Lucille Ball Was ‘Basically Unhappy” Throughout ‘I Love Lucy’ According To Show Producer
Despite the enormous success of classic television comedy I Love Lucy, its star Lucille Ball was a painfully unhappy woman, according to the show’s producer, Jess Oppenheimer.
Oppenheimer stated that the redheaded actor went into the series hoping it would change the direction of her marriage to Desi Arnaz. Instead, the show’s extraordinary success contributed to the end of the couple’s union.
Desi Arnaz’s marital infidelities were numerous
Unfortunately, the most pleasant portion of Lucille Ball and Desi Arnaz’s marriage seems to have been their courtship.
After their whirlwind meeting in 1940 on a movie set, the couple decided to run away to marry and eloped that year. Within just a few years, it was apparent to Ball that her husband was not faithful and didn’t seem to want to change.
The two had been through a near-divorce and a number of miscarriages as well, until the birth of their daughter Lucie in 1951. It was a good year, because it also brought good news from CBS.
The network was aware of the success of Ball’s radio show, “My Favorite Husband,” and wanted to bring it to television. Although CBS did not initially want Arnaz to co-star with his wife, Ball refused to budge – it would star both of them or no deal.
Lucille Ball hoped having Arnaz at the helm of ‘I Love Lucy’ would help
I Love Lucy producer Jess Oppenheimer, in his book, I Love Lucy: The Untold Story revealed the behind-the-scenes attempts to get Ball to change her mind about having her husband share top billing with her. It was clear her mind was made up. The couple rarely saw one another due to their hectic schedules, and she was unwilling to create even more distance between them.
“For years, [Ball] had been trying to promote the career of her husband, Desi,” he said. “She was unhappy because they were separated so much of the time; while she was in Hollywood, he was always on the road with his band. And that put a strain on their marriage, which was rocky enough even when they were in the same city.”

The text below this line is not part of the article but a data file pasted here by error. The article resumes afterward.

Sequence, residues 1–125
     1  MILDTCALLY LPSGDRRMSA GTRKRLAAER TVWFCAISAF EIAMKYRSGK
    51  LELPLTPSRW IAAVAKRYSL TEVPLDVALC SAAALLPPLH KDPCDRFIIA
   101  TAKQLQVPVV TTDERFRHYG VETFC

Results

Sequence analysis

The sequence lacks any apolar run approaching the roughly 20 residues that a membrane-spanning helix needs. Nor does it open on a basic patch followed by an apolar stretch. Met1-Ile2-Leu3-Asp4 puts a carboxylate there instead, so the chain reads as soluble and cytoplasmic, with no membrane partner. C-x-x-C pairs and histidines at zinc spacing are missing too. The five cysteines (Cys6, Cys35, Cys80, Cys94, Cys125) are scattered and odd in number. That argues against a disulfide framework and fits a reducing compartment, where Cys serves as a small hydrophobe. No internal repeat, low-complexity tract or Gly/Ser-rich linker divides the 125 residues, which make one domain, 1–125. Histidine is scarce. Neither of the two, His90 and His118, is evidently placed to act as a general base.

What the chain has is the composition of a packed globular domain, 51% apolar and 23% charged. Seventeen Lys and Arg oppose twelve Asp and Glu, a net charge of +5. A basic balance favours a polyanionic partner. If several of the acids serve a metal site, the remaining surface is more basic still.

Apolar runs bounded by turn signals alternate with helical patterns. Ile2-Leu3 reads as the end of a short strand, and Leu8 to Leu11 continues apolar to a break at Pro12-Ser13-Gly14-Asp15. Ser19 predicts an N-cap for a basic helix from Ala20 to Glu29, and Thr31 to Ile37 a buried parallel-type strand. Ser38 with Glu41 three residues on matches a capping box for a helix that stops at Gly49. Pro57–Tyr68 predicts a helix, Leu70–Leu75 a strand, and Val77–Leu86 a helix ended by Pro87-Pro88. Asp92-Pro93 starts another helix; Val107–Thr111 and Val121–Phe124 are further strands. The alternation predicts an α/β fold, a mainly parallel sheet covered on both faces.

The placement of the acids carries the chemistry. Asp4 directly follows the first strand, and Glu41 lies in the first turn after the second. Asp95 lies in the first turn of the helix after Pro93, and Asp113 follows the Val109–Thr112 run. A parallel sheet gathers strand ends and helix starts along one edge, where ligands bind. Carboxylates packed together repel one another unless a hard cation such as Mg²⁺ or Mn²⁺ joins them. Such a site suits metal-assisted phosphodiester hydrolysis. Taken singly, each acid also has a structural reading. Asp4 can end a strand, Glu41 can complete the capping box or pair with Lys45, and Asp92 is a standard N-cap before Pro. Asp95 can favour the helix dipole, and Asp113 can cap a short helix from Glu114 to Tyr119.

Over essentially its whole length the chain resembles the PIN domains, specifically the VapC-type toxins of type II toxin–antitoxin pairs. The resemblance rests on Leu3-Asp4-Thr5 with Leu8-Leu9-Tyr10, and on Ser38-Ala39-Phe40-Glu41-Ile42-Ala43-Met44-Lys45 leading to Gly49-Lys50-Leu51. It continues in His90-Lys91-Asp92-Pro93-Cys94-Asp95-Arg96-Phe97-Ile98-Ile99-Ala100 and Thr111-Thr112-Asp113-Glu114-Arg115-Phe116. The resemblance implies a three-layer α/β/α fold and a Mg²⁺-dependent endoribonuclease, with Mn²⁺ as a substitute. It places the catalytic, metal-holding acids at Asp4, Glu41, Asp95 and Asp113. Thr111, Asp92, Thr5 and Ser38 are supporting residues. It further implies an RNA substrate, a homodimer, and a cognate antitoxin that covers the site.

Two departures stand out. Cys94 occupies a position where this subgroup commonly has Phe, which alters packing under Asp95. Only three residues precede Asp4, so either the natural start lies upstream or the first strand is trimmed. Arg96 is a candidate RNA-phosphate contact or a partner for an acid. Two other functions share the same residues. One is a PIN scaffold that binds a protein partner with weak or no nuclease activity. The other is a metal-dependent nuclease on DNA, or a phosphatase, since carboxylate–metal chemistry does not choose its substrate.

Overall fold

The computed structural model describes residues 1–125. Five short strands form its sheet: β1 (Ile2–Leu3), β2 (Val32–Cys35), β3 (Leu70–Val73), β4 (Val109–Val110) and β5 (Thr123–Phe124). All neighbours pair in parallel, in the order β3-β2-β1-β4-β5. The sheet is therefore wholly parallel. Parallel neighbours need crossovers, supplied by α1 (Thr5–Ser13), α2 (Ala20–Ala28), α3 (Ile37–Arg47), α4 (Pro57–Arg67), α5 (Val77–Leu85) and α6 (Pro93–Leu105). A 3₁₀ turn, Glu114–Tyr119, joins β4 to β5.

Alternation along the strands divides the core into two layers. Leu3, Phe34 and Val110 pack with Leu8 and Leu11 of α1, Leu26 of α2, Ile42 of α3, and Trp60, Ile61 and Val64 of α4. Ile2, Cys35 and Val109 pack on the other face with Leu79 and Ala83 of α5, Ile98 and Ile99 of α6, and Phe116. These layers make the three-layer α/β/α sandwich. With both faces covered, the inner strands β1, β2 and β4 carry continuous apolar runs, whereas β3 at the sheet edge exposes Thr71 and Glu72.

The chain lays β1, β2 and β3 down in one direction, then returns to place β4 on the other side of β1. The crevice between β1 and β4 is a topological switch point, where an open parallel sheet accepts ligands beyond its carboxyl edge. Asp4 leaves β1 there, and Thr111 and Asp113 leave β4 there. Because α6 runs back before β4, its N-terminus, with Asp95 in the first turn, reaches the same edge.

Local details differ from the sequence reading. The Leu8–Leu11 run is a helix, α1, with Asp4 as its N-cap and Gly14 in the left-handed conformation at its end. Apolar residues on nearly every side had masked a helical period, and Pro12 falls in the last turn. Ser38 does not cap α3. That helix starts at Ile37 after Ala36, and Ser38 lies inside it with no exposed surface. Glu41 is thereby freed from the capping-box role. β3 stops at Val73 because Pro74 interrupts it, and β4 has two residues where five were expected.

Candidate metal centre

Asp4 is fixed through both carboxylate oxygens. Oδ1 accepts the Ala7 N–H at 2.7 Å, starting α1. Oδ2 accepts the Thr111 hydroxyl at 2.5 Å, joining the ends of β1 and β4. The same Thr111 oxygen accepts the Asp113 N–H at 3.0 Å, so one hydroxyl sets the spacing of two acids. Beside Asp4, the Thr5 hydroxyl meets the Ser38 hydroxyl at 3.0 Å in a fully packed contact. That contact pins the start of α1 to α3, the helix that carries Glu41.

The comedic actor’s request, Oppenheimer wrote, was being declined on all sides and all the way up CBS’ executive chain.
“Hubbell Robinson, another CBS bigwig, nixed the idea completely, claiming that nobody would believe that an all-American redhead like Lucy was married to someone like Desi. Lucy had a good answer for that one – ‘What do you mean, nobody’ll believe it? We are married!’ But CBS remained unconvinced.”
In the end, CBS brought I Love Lucy onboard, meeting many of Ball’s conditions.
Ball was a very ‘unhappy’ woman during the show’s run
Despite getting Arnaz on the CBS show with her, according to its producer, it was obvious Ball was anything but content.
“For Lucy, who was basically unhappy, the only release she had was in her work. But she had an unhappy home life with Desi. She was anxious to get away from it.”
Oppenheimer notes that, from the start of the series, the couple’s relationship was doomed.
“It was clear that something was wrong,” he wrote. “Desi had his 38-foot power cruiser, which Lucy didn’t like at all. After we would finish filming a show, Desi would go down to his boat at Corona del Mar with his drinking, card-playing buddies, and Lucy would go back to the ranch.”
“Unless they had something to do together for publicity, they wouldn’t see each other again until the following week when they both arrived on the set for the first read-through.”
The power struggle between the couple continued until the show’s end in 1957 and the conclusion of their marriage in 1960.